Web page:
Last week, the Federal Reserve increased interest rates, and promised much more of the same in the months ahead. The consensus among the Federal Open Market Committee (FOMC) sees overnight interest rates peaking at close to 3% before settling back down.
Tightening of this scale may be necessary to bring inflation to heel. But it may also raise the risk of recession. The Fed would certainly like to avoid this outcome, but may view the long-term economic costs of high inflation to be larger than the cost of a short downturn.
Yield curves have a muddy relationship with recessions.
As each step in the tightening process is considered, these risks will be reassessed. One gauge that will certainly be consulted is the yield curve, which is thought by many observers to be a primary recession indicator. The yield on two-year Treasury securities has exceeded the yield on ten-year Treasury securities prior to each of the last four U.S. downturns.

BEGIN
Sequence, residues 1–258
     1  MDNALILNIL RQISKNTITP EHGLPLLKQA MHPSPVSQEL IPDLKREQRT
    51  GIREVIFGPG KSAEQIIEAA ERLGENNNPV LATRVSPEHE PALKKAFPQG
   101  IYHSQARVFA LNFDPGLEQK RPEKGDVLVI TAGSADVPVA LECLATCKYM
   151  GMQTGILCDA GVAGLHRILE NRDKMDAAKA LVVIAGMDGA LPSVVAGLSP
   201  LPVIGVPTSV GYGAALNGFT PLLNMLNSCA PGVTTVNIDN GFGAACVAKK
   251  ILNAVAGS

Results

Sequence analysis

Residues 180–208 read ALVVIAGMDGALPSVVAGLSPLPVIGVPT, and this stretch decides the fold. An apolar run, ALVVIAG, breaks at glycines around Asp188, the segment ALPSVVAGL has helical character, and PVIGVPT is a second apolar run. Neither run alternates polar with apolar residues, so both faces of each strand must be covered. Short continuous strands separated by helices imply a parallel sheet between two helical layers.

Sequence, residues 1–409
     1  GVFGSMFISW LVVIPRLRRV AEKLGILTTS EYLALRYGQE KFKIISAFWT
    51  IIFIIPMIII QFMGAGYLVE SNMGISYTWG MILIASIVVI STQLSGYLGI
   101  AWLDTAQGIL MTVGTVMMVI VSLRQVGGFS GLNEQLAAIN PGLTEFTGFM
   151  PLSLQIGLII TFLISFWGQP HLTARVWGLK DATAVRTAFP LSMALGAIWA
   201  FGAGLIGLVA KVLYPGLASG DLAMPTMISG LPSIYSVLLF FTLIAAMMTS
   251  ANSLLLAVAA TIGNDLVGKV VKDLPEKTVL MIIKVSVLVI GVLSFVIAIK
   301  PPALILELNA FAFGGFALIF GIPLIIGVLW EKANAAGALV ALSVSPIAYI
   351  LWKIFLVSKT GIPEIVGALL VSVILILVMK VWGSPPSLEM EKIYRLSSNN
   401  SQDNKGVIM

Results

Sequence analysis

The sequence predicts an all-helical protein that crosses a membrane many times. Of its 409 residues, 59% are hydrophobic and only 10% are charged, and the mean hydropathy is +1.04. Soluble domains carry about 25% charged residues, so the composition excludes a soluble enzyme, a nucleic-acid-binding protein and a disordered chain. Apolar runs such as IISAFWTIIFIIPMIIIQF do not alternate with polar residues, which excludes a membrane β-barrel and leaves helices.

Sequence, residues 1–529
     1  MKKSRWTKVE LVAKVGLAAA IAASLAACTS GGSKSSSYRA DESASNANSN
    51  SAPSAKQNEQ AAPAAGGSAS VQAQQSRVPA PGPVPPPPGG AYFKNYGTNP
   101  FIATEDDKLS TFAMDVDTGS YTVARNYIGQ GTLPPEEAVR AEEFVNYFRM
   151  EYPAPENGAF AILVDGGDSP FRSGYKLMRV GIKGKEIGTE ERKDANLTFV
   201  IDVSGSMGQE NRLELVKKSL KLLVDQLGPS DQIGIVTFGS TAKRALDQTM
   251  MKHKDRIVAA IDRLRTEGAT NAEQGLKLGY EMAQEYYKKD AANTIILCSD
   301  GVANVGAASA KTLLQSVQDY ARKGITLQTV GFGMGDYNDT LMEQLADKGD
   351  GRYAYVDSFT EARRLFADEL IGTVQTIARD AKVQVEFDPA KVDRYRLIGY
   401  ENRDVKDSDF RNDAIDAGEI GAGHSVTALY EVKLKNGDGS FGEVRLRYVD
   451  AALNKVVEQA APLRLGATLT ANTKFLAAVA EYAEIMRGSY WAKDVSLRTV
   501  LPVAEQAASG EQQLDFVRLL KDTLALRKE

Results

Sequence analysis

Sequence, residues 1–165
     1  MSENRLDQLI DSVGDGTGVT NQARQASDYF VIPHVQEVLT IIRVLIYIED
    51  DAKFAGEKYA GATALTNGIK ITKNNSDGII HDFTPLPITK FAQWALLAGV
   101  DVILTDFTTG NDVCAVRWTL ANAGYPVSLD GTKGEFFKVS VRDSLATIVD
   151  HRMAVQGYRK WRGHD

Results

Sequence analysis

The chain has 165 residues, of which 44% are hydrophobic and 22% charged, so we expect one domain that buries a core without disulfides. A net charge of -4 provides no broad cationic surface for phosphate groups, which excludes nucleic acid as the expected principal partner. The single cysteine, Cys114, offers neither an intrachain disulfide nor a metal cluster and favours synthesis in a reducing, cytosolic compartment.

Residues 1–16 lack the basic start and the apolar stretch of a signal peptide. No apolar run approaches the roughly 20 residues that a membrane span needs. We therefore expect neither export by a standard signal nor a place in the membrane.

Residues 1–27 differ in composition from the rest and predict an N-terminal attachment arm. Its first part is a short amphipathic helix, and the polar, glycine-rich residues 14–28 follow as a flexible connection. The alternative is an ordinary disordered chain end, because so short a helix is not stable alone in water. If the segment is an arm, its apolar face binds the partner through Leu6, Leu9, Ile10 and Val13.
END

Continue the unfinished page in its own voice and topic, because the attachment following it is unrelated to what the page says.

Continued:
The intuition behind this juxtaposition is that central banks will have to retreat at some point in the future, which typically occurs when growth is faltering. To be clear, though, there is no cause-and-effect.
A closer look at the history raises some questions about the signal given off by the yield curve. There have been inversions which corrected without being associated with a downturn. The lead time between an inversion and a recession is highly variable; it has been as short as three months and as long as 20 months.